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Rezz5
Group Title
Describe in about 200300 words the RSA encryption algorithm,
Including:
*the method of encryption and decryption
*the three key theorems on which the algorithm depends
*the reason for the security of the algorithm
Thank you!
 one year ago
 one year ago
Rezz5 Group Title
Describe in about 200300 words the RSA encryption algorithm, Including: *the method of encryption and decryption *the three key theorems on which the algorithm depends *the reason for the security of the algorithm Thank you!
 one year ago
 one year ago

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amistre64 Group TitleBest ResponseYou've already chosen the best response.0
RSA i beleieve deals with 2 large primes and the totient function
 one year ago

amistre64 Group TitleBest ResponseYou've already chosen the best response.0
im not about to type up 200 to 300 words on it tho, youll have to do that yourself
 one year ago

amistre64 Group TitleBest ResponseYou've already chosen the best response.0
spose you are given a plaintext message: P we can encrypt it with a key "e" such that \(gcd(e,\phi(n))\) = 1 and n is the product of 2 large primes
 one year ago

amistre64 Group TitleBest ResponseYou've already chosen the best response.0
this ensures us that a decryption key can be produced to uncode it all
 one year ago

amistre64 Group TitleBest ResponseYou've already chosen the best response.0
i had a powerpoit on it for the presentation i did in my number theory class; but the schools website is down at the moment
 one year ago

Rezz5 Group TitleBest ResponseYou've already chosen the best response.0
I understand, I have done this so fay from my notes but i dont understand what is what. SO 1) Choose two distinct primes, p and q 2) Find n such that n=pq 3) Use Q(n)= (p1)(q1) Q = phi, (*****) 4)Choose e such that 1<e<Q(n) e is publicly seen, and is relativly prime to Q(n) 5) Find d, which is multiplicatively inverse of e in Z _Q(n) i.e. de=1(mod(Q(n)) (****) d can be found using Euclidean algorithm and is a private key then i get lost, how do you decrypt the message? by using M, original message M=c^5 (mod(n))? where c is the coded message? (****) (****) which theorems are used here?
 one year ago

amistre64 Group TitleBest ResponseYou've already chosen the best response.0
one key aspect of the totient function is that it is a multiplicative function so long as the factors of a number are relatively prime.; there is a more complicated method for finding the phi value of any number. The phi value is simply the number of relatively prime values that are less the number; for example: the number 8: 1 2 3 4 5 6 7 8 ^ ^ ^ ^ there are 4 numbers less than 8 that are relatively prime to 8; (a,8)=1 the phi value of 8 is 4 the number 9: 1 2 3 4 5 6 7 8 9 ^ ^ ^ ^ ^ ^ i count 6 of them the phi value of 9 is 6 the phi value of a prime number is simply all the numbers less than it; phi(7) = 6, phi(13)=12, phi(17)=16 why? because a prime number is prime .... now to explain what it means to be a multiplicative function: f(ab) = f(a) * f(b) simple enough; and this is true for phi given that a and b are relatively prime. since 8 and 9 are relatively prime then, phi(72) = phi(8*9) = phi(8) phi(9) = 4 * 6 = 24 the reason for picking 2 large primes for the "n" is so that you can construct this phi value in a simple manner i believe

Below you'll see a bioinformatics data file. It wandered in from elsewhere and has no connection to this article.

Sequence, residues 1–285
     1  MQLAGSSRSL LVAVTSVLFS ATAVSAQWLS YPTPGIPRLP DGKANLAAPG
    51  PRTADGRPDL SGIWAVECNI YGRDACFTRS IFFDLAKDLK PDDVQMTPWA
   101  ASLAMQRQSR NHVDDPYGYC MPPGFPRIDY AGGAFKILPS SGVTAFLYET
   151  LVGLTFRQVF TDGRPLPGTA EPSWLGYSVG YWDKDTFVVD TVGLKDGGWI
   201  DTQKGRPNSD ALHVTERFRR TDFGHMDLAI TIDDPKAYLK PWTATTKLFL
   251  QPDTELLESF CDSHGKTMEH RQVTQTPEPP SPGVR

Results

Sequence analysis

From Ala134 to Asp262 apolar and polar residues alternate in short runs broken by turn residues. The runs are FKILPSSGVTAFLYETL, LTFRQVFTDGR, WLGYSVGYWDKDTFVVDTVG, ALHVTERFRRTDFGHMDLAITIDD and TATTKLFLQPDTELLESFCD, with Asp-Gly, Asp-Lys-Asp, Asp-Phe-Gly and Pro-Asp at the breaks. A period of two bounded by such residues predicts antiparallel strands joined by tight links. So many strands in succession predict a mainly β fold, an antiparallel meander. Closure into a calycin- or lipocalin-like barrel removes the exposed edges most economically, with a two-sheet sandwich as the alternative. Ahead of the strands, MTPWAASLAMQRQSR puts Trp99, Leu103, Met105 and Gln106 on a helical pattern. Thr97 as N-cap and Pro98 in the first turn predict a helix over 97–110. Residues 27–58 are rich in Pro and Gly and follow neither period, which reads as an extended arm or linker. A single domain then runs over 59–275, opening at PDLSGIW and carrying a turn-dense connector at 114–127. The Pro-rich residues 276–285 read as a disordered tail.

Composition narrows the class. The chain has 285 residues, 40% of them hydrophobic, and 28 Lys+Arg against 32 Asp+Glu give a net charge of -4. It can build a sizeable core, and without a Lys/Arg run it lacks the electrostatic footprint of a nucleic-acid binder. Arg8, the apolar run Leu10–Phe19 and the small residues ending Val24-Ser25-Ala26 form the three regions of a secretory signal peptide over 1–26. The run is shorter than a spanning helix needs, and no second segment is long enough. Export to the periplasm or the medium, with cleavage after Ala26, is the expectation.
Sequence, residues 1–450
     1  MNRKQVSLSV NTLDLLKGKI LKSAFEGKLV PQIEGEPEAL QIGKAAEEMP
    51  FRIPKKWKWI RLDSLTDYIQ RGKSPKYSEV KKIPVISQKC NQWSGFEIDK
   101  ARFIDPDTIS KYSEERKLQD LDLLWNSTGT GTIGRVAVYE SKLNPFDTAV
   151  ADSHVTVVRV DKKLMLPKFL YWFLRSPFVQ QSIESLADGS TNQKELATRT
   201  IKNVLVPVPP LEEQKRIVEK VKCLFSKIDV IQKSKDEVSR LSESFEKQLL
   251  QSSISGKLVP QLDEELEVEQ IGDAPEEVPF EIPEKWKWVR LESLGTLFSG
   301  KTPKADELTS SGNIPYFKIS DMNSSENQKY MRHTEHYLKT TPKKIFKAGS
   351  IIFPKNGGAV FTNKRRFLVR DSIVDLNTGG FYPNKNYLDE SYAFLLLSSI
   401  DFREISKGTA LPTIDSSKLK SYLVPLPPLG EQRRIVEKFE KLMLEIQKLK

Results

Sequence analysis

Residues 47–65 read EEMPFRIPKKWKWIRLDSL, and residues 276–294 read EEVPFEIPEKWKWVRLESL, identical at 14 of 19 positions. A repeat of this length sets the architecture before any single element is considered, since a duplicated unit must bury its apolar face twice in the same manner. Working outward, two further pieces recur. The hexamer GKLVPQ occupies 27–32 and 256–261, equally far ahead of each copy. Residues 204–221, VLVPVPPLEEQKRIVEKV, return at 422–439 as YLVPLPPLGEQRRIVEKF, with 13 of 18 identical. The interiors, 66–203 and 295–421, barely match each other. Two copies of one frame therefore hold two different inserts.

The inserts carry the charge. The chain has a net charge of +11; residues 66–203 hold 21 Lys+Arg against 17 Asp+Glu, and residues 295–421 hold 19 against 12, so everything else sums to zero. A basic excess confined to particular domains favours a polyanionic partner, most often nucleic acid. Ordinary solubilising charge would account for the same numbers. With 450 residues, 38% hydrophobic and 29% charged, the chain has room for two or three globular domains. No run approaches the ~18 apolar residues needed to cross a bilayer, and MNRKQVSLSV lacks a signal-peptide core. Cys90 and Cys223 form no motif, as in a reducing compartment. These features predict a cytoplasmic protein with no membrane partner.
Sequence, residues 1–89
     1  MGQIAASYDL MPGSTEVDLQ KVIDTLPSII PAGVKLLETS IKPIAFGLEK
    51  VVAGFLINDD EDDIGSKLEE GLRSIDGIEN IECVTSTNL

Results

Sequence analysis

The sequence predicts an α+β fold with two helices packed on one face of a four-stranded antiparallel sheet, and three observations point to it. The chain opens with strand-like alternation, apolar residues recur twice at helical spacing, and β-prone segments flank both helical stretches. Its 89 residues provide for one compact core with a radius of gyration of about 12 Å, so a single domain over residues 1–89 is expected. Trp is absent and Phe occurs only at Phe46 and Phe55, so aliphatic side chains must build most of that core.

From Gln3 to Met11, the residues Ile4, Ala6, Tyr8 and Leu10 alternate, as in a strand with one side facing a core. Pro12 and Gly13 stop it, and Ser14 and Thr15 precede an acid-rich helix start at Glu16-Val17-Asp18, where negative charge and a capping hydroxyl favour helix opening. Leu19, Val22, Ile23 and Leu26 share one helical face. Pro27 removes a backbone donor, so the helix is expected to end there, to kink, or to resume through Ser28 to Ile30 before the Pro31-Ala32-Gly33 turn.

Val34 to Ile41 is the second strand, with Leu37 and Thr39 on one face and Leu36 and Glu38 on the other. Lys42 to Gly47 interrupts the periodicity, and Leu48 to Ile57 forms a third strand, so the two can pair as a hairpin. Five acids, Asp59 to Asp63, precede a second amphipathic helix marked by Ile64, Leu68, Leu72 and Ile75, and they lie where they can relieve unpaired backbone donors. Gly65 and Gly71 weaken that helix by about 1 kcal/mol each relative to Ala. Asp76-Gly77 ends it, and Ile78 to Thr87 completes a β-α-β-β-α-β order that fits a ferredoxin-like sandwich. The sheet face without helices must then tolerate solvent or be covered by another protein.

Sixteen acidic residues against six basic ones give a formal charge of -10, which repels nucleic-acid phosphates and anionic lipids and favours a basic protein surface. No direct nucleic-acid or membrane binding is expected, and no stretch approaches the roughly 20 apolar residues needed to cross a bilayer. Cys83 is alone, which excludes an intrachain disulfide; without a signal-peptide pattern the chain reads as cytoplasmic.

one year ago

amistre64 Group TitleBest ResponseYou've already chosen the best response.0
another thrm is that \[a^{\phi(n)}\cong a~(mod~n)\] proof: let "n" be a number with the set of relatively primes: {r1,r2,r3,...,r phi(n)}, since there are phi(n) relatively primes by definition. the product of these numbers is then: r1 r2 r3 ... r phi(n) = k therefore \(k\cong 1~(mod~n)\) lets take a number a such that (a,n) = 1; and multiply each r value in the set \[a r_1~ a r_2 ~ a r_3 ... ar_{ phi(n)} = a^{\phi(n)}k\] since (k,n)=1; and (a,n)=1; therefore a^(phi(n)) = 1 (mod n)
 one year ago

amistre64 Group TitleBest ResponseYou've already chosen the best response.0
how does this help us find an inverse?
 one year ago

amistre64 Group TitleBest ResponseYou've already chosen the best response.0
\[a*a^{\phi(n)1}=a^{\phi(n)}\]
 one year ago

amistre64 Group TitleBest ResponseYou've already chosen the best response.0
Eulers thrm is the backbone of the RSA
 one year ago

Rezz5 Group TitleBest ResponseYou've already chosen the best response.0
aϕ(n)≅a (mod n), shouldnt this be aϕ(n)≅ 1 (mod n) ?
 one year ago
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